Wed, 15 Jan 2014 10:05:21
"I'm pretending that we're actually enjoying some fall- winter-like season until my brain shrivels up and goes, 'Wait a minute! It's fucking summer again," exclaims Conway of unseasonably hot January in Los Angeles.
It doesn't matter though. No matter what the weather is, the singer and songwriter is constantly cooking up dreamy, dynamic, and devilishly fun music. She straddles the lines between pop and rock with even a little bit of hip-hop swagger in the mix. Her debut EP, Big Talk, stands out as refreshing and ready revitalize music at large.
In this exclusive interview with ARTISTdirect.com editor in chief Rick Florino, Conway talks Big Talk and so much more.
Is there a thread that ties the four songs on Big Talk together?
I actually was really particular about choosing those four tracks and putting them in that order. I have a million, probably boring, reasons for myself why, but I wanted to put out four distinct flavors of songs I feel portray specific moods and vibes. Also, I wanted to do it because I feel like so often you'll hear a song by someone and then you'll go to the record, and it's just eight versions of that song. I wanted to put it out there earlier that, "By the way, I'm going to be doing the same song over and over again". I went back and forth thinking, "Do you think people are going to be confused because the attention span is so short that we can't even show whole videos anymore? It's just snippets of videos! Now, there are four moods here, can they handle it?" The label was totally behind me. I think it's awesome. When you go see the show, the songs are different. The whole set is an experience. It's why I like music, records, and actual albums.
What's the story behind "Take Me Back"?
"Take Me Back" is super vulnerable. I've been in bands before, and it's different. You have to go under a consensus of what the group's thinking. The biggest promise I made myself in doing this solo music is I wanted to be completely honest and five-hundred percent in whatever mood it was that I was in or I was writing about. "Take Me Back" is five-hundred percent vulnerable! It's funny. I wrote that song because I was inspired by the piano only. I recorded it in my friend's basement, and I only did full takes. What you're hearing is one take. It's completely dependent on the mood and the emotion that happened. We did it three times. My friend and I just looked at each other like, "What the fuck, man? That was super intense". We recorded three, and then I had to leave. For me, that song is complete emotion, and it is pretty much a live performance. I might've done backup vocals later, but the lead vocal is one take.
That's not easy.
It's pure emotion, and the arrangement is a bit quirky. It's a vibe. It's just something you have to get. I think you lose authenticity when you go back and try to make everything little thing perfect. I don't think "perfect" is better.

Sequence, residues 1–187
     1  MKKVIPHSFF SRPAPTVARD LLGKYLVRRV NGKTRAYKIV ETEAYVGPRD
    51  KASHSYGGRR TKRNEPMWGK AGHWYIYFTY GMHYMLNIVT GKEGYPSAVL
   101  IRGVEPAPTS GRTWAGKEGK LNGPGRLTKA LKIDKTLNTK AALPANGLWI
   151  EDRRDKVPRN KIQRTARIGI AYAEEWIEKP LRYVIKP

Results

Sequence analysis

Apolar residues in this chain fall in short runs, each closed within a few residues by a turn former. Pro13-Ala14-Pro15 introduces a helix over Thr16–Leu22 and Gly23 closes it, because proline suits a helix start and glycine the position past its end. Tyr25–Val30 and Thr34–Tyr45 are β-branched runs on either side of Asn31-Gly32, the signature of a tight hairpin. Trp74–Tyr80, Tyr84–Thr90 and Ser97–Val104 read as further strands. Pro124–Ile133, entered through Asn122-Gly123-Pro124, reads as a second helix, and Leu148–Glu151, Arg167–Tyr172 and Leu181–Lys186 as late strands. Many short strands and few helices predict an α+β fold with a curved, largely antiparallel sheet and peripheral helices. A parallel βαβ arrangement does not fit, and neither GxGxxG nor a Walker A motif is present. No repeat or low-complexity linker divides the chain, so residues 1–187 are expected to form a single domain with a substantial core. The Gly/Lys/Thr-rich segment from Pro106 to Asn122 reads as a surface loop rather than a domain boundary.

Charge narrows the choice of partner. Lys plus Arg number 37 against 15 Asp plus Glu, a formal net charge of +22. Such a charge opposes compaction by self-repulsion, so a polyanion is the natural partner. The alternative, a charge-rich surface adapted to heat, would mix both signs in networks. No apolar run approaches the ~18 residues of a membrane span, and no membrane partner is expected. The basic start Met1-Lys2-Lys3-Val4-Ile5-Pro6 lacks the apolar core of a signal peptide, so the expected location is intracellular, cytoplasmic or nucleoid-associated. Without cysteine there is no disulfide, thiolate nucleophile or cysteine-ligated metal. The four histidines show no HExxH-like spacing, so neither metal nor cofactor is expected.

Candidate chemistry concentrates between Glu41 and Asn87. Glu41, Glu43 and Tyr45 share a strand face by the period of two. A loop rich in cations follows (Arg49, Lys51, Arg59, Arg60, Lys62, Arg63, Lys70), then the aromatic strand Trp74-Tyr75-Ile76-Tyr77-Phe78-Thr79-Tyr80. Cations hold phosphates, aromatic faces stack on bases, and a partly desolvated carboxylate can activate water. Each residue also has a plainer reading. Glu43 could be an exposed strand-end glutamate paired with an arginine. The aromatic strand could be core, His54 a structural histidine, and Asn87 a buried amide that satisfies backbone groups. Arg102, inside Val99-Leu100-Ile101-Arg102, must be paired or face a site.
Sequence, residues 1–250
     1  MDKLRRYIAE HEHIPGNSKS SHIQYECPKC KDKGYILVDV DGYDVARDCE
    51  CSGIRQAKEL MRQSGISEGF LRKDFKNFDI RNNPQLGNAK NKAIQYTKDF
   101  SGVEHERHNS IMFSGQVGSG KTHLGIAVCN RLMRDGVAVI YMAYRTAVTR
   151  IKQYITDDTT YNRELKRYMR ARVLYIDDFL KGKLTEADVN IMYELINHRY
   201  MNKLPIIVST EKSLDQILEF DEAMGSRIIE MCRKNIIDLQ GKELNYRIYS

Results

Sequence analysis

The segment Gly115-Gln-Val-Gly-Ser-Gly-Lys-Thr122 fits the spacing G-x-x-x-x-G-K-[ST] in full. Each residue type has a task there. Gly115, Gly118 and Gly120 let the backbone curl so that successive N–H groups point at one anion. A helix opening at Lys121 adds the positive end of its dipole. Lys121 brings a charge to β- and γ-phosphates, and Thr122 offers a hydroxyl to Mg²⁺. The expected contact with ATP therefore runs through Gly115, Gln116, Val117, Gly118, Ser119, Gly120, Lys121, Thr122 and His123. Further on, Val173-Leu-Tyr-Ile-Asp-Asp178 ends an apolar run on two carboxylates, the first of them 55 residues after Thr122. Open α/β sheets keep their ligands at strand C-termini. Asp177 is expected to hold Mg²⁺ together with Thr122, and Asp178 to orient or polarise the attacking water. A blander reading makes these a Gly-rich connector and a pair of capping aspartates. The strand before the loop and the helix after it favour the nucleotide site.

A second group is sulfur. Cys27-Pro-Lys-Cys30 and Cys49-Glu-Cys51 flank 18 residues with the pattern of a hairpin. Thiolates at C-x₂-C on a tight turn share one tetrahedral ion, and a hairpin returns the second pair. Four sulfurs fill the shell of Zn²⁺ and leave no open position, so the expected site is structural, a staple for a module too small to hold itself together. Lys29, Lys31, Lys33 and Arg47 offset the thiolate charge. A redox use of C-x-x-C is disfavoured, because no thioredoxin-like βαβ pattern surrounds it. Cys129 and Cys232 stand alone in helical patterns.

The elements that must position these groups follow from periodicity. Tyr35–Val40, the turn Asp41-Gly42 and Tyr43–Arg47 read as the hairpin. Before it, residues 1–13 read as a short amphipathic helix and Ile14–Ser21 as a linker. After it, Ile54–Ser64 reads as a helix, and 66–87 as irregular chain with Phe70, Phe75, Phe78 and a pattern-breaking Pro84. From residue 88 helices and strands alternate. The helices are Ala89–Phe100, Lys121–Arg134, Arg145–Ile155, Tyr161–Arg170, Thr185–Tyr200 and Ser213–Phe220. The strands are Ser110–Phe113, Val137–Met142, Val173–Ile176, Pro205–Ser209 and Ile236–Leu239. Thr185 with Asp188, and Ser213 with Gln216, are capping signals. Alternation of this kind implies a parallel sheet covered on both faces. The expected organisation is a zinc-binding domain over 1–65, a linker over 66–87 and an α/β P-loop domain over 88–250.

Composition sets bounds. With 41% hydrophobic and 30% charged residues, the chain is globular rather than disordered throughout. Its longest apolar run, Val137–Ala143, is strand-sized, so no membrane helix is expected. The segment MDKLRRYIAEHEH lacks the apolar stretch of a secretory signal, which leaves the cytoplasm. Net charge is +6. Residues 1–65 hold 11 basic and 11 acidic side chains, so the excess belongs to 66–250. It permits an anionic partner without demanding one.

You want that soul to shine through.
Yeah! I hesitate to tell people what the songs are about because you want them to build a personal relationship with it. That song is about being vulnerable and on your knees at that moment.
How did "Killer" come together?
"Killer" is one of my favorite songs I've ever done because of the process. I made this super upbeat beat/loop thing on Reason at my house. I was just messing around trying to start song ideas. When I recorded it, I got the microphone and put a scarf over my head because I literally needed to be in my zone. It's so funny! I'd never done that before out and out. I wrote it on the spot. With the scarf on my head and my headphones on, the chorus came out with my craziness under the scarf. I was reflecting on this breakup. "Killer" is definitely a me-versus-you kind of thing. Then again, you could do that with anything.
Is it important for the songs to conjure visuals?
I love that. I'm a super visual person. I hear music that way for sure. It's amazing to hear you say that. I wanted to tell a story and paint a picture. I wanted to be a bit specific like for a certain song you can see this kind of personality and two people in a room having it out a bit or having a conversation. I love painting a picture and songs that suck me in and take me to another place. I try to do that. Everybody hears things differently.
What inspires you outside of music?
I would say my imagination is pretty overactive in general. You could say a sentence to me, and I've already imagined the movie around it. It's really crazy. I free associate endlessly. I do read. I love words and writing. I think the lyrics are one of the most important things ever. Some people don't give a shit about lyrics in songs, but that's my number one. I love art. I'm not such a junkie on movies as I am on organic forms of art. I like videos and things like that. I don't have a super geek out thing. I'm just so interested in human behavior and watching how people interact with each other. I could be sitting and having a coffee and noticing how the whole world around me is happening. It's so weird! I'm obsessed with looking at just about anything.
What artists shaped you?
I remember my mom playing Talking Heads for me. It blew my mind because my mom would listen to the same thing over and over again. She's probably still listening to Talking Heads right now [Laughs]. Talking Heads was a big mind-blower for me. For kids, it's funny to sing Talking Heads. David Byrne is theatrical with his delivery. Obviously, becoming a musician and looking at how incredibly talented and amazing that music is and what an insane writer Byrne is, it's even more incredible. Then, I'd say hip-hop in general. I really love OutKast. I love the gymnastics and rhythm section. I could go all the way back to Björk and Joy Division. It's such a weird smattering of influences. Of course, I love The Pixies as well. We can't forget about them!
Have you heard Conway yet?